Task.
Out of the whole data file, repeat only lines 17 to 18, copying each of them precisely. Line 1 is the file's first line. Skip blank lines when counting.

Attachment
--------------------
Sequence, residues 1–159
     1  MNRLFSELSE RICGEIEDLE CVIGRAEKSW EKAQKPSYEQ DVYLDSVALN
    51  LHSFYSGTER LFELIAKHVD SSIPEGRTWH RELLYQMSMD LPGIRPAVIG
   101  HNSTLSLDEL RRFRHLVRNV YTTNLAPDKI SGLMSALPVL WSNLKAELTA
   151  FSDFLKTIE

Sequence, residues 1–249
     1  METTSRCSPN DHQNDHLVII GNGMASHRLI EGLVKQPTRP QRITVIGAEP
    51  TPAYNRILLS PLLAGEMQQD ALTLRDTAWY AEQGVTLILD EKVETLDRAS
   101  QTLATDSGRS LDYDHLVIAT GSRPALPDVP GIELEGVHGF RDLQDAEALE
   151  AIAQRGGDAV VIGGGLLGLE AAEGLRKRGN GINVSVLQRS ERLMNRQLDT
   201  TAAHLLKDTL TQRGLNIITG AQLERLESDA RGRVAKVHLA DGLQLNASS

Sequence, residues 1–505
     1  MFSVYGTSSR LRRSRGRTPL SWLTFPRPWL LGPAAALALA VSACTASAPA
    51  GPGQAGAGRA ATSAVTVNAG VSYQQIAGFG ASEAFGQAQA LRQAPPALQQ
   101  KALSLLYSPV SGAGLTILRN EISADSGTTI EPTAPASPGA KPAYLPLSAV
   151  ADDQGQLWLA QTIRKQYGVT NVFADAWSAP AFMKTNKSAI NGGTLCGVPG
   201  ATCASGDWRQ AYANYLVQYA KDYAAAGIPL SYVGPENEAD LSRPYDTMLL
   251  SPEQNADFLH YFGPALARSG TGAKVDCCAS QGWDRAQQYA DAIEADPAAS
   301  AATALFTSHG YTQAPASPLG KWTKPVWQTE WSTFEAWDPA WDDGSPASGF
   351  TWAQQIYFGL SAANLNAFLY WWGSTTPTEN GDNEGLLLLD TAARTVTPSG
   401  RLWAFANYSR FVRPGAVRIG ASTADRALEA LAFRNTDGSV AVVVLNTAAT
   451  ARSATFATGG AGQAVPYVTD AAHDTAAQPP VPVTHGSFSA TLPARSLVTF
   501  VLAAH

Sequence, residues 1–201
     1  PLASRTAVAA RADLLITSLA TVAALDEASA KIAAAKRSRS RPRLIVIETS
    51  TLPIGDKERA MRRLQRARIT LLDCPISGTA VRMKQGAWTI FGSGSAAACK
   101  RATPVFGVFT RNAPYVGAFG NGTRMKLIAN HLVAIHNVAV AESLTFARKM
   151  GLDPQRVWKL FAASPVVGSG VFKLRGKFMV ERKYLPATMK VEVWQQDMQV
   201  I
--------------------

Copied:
   201  ATCASGDWRQ AYANYLVQYA KDYAAAGIPL SYVGPENEAD LSRPYDTMLL
   251  SPEQNADFLH YFGPALARSG TGAKVDCCAS QGWDRAQQYA DAIEADPAAS